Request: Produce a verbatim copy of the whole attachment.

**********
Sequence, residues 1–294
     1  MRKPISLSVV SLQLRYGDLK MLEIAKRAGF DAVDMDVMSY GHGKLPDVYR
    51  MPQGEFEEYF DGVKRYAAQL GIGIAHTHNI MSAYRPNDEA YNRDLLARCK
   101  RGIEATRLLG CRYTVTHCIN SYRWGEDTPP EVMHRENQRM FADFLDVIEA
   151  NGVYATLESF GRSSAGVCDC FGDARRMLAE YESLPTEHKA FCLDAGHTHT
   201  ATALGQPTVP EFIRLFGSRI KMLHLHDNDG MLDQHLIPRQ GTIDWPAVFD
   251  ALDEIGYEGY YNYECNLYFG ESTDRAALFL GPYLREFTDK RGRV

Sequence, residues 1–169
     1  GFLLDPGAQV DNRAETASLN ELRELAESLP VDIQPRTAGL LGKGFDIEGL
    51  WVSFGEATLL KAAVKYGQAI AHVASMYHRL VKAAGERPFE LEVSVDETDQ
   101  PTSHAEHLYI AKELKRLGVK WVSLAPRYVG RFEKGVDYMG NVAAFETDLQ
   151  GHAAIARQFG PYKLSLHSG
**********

Sequence, residues 1–294
     1  MRKPISLSVV SLQLRYGDLK MLEIAKRAGF DAVDMDVMSY GHGKLPDVYR
    51  MPQGEFEEYF DGVKRYAAQL GIGIAHTHNI MSAYRPNDEA YNRDLLARCK
   101  RGIEATRLLG CRYTVTHCIN SYRWGEDTPP EVMHRENQRM FADFLDVIEA
   151  NGVYATLESF GRSSAGVCDC FGDARRMLAE YESLPTEHKA FCLDAGHTHT
   201  ATALGQPTVP EFIRLFGSRI KMLHLHDNDG MLDQHLIPRQ GTIDWPAVFD
   251  ALDEIGYEGY YNYECNLYFG ESTDRAALFL GPYLREFTDK RGRV

Sequence, residues 1–169
     1  GFLLDPGAQV DNRAETASLN ELRELAESLP VDIQPRTAGL LGKGFDIEGL
    51  WVSFGEATLL KAAVKYGQAI AHVASMYHRL VKAAGERPFE LEVSVDETDQ
   101  PTSHAEHLYI AKELKRLGVK WVSLAPRYVG RFEKGVDYMG NVAAFETDLQ
   151  GHAAIARQFG PYKLSLHSG